The Science

Your central nervous system is made up of your brain and your spinal cord. Your peripheral nervous system is made up of all of the nerves that are located outside of the central nervous system. Your peripheral nervous system sends information, including sensory information, from your brain and spinal cord (central nervous system) out to the rest of your body. The tingling or electric shock sensations are experienced when any of the nerves in your peripheral nervous system are damaged or dysfunctional in some way.

In a healthy nervous system, when nerve cells are stimulated in some way they send a signal to your brain along the nervous system pathway. Your brain then sends a response signal back down the nervous system pathway that causes a physical response of some type. For example if you touch something hot your nerve cells sense the heat and send a signal to your brain about it. Your brain will then send a response to move your hand away from the source of the heat. Tingles and electric shock sensations occur when your peripheral nervous system sends signals in the absence of any stimulus.

There are over 100 recognized types of peripheral neuropathy and each of these has its own characteristic symptoms and treatment plans. Peripheral neuropathies are classified based on which type of peripheral nerve is affected:

Sensory neuropathy occurs when sensory nerves that control what you feel (e.g. pain, sensations) are damaged or not functioning properly.

Motor neuropathy occurs when the nerves that control your muscles (and your movements) are damaged or not functioning properly. This can cause issues with your balance or your grip.
Autonomic nerve neuropathy occurs when your autonomic nerves, which control core body functions such as breathing and the beating of your heart, are damaged or not functioning properly. This type of peripheral neuropathy can be very serious, even life-threatening.

Combination neuropathies that occur if you have two or all three peripheral nerve types involved. For example, you could experience a sensory-motor neuropathy. [5] [9]

Myths & Mysteries


False. While peripheral neuropathy is common in diabetic patients, there are over 100 types of peripheral neuropathy all of which have their own cause other than diabetes. Other causes of peripheral neuropathy include decreased levels of estrogen, chemotherapy, B-vitamin deficiency, and side effects associated with commonly prescribed medications.


False. Research studies have shown that peripheral nerves can be healed after they have been damaged. The process is slow and depends on the severity of the damage and the time that has passed since the damage. If decreased estrogen during your menopausal transition is the cause of your peripheral neuropathy, hormone therapy may stop your symptoms. Working with a physical or occupational therapist can also be helpful. Talk to your healthcare provider to find the best treatment approach for your individual situation.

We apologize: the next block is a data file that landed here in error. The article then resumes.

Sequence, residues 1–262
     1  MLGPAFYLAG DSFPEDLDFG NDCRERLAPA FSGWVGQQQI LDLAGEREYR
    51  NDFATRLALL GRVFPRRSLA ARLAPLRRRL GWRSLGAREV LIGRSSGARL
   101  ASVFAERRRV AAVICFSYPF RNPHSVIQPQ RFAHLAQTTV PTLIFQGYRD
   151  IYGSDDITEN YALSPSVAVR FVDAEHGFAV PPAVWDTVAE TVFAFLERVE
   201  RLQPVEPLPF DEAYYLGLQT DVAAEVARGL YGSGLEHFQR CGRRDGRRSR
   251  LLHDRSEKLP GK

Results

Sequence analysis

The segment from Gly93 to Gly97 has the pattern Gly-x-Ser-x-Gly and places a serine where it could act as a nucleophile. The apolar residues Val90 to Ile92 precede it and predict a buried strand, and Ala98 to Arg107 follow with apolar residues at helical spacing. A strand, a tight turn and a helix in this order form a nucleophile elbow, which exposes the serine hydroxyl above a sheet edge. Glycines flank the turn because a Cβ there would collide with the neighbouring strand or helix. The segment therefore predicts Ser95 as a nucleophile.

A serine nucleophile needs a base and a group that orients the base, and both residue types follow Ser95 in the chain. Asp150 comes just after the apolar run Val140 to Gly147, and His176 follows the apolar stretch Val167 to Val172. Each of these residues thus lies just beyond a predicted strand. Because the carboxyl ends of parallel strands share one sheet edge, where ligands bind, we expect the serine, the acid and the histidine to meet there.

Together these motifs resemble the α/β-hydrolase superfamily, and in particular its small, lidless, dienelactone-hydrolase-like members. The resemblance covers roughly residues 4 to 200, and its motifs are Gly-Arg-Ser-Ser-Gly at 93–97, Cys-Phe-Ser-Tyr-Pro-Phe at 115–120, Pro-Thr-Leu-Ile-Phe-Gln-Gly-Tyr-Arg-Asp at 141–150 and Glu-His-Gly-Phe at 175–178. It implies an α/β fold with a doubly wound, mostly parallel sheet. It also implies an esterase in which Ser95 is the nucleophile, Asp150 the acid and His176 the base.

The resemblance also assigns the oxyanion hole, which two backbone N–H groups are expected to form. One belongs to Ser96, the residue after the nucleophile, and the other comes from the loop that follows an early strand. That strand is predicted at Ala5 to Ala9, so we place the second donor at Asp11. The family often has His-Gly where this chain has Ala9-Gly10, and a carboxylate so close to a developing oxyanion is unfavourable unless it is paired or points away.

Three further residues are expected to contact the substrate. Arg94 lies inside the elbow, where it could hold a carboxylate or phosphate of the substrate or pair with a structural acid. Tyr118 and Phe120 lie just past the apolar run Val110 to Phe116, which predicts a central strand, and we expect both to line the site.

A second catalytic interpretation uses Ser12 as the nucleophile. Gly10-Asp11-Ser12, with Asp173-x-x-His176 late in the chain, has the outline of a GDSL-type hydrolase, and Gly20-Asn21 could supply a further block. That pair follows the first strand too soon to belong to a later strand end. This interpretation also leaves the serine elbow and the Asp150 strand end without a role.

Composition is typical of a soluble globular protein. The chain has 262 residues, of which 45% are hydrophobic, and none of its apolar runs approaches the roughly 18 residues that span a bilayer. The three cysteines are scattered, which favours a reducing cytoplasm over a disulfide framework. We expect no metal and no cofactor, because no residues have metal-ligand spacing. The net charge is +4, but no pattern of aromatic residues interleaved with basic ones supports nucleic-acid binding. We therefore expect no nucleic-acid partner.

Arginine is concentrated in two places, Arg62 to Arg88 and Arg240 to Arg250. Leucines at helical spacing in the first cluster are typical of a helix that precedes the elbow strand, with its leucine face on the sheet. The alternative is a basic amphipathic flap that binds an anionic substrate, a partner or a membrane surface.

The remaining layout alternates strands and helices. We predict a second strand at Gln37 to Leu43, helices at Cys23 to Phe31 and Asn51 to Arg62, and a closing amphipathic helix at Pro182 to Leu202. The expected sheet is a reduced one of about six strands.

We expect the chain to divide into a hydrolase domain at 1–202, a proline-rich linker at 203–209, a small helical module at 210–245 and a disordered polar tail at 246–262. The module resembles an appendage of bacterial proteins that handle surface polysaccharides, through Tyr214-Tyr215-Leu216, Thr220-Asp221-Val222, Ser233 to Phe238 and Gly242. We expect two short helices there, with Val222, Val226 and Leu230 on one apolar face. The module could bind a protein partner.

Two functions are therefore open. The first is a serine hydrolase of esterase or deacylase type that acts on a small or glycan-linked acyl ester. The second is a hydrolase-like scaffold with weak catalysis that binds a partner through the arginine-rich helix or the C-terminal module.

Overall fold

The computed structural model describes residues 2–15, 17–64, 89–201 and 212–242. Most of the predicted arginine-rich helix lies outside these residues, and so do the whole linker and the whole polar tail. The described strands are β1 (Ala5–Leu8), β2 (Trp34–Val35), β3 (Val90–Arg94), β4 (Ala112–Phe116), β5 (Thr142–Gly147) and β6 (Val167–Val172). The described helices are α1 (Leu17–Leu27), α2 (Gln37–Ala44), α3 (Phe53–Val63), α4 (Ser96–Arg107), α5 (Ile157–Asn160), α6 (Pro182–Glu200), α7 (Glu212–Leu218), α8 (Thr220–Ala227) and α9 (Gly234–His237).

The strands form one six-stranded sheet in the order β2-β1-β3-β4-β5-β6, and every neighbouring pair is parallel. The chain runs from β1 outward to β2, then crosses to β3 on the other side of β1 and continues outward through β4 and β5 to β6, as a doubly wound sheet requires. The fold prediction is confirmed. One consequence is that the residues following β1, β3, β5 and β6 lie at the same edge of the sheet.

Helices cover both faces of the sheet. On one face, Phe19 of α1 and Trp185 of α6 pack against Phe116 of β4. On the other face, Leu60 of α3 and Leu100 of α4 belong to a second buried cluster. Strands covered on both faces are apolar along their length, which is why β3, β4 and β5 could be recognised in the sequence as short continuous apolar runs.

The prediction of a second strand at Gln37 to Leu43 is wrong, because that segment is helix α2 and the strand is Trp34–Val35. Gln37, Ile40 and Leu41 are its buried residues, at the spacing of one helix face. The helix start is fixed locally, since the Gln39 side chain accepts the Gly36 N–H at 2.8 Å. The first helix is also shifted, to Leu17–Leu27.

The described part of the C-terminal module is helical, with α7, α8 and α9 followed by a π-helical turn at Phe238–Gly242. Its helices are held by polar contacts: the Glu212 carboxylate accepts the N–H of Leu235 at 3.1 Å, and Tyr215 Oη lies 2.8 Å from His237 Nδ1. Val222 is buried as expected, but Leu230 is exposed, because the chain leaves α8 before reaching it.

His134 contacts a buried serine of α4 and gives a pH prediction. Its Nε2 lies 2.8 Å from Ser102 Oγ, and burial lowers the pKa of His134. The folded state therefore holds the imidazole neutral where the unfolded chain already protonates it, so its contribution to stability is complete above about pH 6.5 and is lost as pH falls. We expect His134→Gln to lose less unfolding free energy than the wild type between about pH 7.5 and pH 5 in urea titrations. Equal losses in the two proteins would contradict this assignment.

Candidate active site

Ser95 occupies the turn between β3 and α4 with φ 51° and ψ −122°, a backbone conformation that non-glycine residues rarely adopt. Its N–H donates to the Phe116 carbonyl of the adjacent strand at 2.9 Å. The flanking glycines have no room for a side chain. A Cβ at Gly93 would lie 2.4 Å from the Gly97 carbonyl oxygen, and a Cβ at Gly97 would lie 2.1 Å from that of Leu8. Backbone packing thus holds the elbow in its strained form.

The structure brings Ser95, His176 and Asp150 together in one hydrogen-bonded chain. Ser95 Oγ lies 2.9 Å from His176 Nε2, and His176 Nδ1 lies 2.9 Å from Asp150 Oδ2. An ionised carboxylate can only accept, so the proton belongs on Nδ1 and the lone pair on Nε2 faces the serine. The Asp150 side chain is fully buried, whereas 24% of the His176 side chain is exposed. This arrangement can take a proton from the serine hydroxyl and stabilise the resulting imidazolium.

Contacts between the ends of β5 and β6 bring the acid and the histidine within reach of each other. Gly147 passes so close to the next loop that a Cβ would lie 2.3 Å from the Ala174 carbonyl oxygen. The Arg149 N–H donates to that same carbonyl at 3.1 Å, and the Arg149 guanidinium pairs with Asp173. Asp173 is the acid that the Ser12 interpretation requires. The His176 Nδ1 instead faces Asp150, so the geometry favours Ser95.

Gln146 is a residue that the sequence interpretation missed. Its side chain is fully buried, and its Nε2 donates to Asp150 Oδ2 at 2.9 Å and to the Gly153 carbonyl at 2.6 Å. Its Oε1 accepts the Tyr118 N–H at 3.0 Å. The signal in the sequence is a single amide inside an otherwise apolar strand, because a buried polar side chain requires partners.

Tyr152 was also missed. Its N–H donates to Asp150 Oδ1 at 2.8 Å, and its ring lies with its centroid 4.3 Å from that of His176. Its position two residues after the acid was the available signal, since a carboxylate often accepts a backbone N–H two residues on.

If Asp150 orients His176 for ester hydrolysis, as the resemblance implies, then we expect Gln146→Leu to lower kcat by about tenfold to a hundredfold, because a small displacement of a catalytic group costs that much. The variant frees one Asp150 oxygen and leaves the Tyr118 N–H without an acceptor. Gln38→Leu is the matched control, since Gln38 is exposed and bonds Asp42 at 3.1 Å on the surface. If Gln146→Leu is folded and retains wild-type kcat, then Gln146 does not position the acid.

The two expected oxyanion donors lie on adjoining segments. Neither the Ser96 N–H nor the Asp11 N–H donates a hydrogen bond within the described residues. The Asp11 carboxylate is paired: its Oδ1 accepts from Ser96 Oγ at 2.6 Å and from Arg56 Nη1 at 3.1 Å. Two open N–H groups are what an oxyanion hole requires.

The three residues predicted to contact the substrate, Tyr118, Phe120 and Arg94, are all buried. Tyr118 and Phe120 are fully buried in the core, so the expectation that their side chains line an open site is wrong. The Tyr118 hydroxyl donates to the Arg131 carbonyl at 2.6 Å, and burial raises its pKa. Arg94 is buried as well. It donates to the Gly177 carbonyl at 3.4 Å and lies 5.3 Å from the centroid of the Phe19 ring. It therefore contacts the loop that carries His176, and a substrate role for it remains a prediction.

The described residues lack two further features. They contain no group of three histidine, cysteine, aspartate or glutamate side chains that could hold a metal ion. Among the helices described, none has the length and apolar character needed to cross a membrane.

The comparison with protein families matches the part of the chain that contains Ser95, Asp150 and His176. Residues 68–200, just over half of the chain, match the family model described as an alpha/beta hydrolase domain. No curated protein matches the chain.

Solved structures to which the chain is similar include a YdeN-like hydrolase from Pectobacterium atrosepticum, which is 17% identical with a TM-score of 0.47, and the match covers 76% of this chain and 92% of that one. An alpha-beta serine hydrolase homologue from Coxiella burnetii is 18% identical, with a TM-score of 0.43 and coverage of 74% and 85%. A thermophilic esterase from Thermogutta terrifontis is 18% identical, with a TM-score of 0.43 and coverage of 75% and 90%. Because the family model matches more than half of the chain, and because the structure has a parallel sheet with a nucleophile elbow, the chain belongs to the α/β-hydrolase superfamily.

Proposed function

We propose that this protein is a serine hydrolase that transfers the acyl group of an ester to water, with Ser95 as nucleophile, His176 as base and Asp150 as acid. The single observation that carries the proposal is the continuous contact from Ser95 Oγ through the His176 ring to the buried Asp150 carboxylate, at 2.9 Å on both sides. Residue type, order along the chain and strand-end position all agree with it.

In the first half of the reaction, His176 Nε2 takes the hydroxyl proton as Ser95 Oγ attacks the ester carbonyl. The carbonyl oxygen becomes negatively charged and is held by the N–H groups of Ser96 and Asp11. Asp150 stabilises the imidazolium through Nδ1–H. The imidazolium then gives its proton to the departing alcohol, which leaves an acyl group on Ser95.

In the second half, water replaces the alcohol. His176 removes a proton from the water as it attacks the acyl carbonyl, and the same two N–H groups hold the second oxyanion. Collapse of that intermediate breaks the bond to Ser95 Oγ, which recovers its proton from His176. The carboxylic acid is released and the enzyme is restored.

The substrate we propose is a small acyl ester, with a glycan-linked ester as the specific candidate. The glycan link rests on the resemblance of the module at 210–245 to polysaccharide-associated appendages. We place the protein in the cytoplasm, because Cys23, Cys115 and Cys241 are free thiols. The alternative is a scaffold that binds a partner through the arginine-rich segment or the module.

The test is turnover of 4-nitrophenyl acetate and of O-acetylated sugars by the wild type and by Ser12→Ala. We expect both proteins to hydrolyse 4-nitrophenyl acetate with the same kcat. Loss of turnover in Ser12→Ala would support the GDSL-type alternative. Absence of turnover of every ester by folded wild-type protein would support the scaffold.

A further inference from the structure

False. Neuropathy symptoms can vary dramatically, depending on the cause and the stage of neuropathy. The peripheral nerves involved will determine where your symptoms occur (neuropathy of your sensory nerves can affect what you feel; neuropathy of your motor nerves can affect your balance or your grip; neuropathy of your autonomic nerves can be extremely dangerous by affecting your heart or breathing rates. As well, early neuropathy symptoms are usually experienced as mild numbness and tingling, while neuropathy at later stages can be experienced as sharp pains, loss of balance, or significant muscle weakness.


Research has shown that declining levels of estrogen are associated with the development of peripheral neuropathy. [2] How declining estrogen levels actually cause the nerve damage of peripheral neuropathy is an area of concern that needs further research.


[1] Campbell JN, Meyer RA. Mechanisms of neuropathic pain. Neuron. 2006 Oct 5;52(1):77-92. doi: 10.1016/j.neuron.2006.09.021. PMID: 17015228; PMCID: PMC1810425.

[2] Singh A, Asif N, Singh PN, Hossain MM. Motor Nerve Conduction Velocity In Postmenopausal Women with Peripheral Neuropathy. J Clin Diagn Res. 2016 Dec;10(12):CC13-CC16. doi: 10.7860/JCDR/2016/23433.9004. Epub 2016 Dec 1. PMID: 28208850; PMCID: PMC5296423.

[3] https://www.cancer.org/latest-news/what-is-peripheral-neuropathy.

[4] https://calgaryneuropathy.com/41-keep-hydrated/

[5] https://www.mayoclinic.org/diseases-conditions/peripheral-neuropathy/symptoms-causes/syc-20352061

[6] https://my.clevelandclinic.org/health/diseases/14737-neuropathy

[7] Sansone RA, Sansone LA. Pain, pain, go away: antidepressants and pain management. Psychiatry (Edgmont). 2008 Dec;5(12):16-9. PMID: 19724772; PMCID: PMC2729622.

[8] Practice Guidelines for Chronic Pain Management: An Updated Report by the American Society of Anesthesiologists Task Force on Chronic Pain Management and the American Society of Regional Anesthesia and Pain Medicine. Anesthesiology 2010; 112:1–1

[9] https://www.hopkinsmedicine.org/health/conditions-and-diseases/peripheral-neuropathy#causes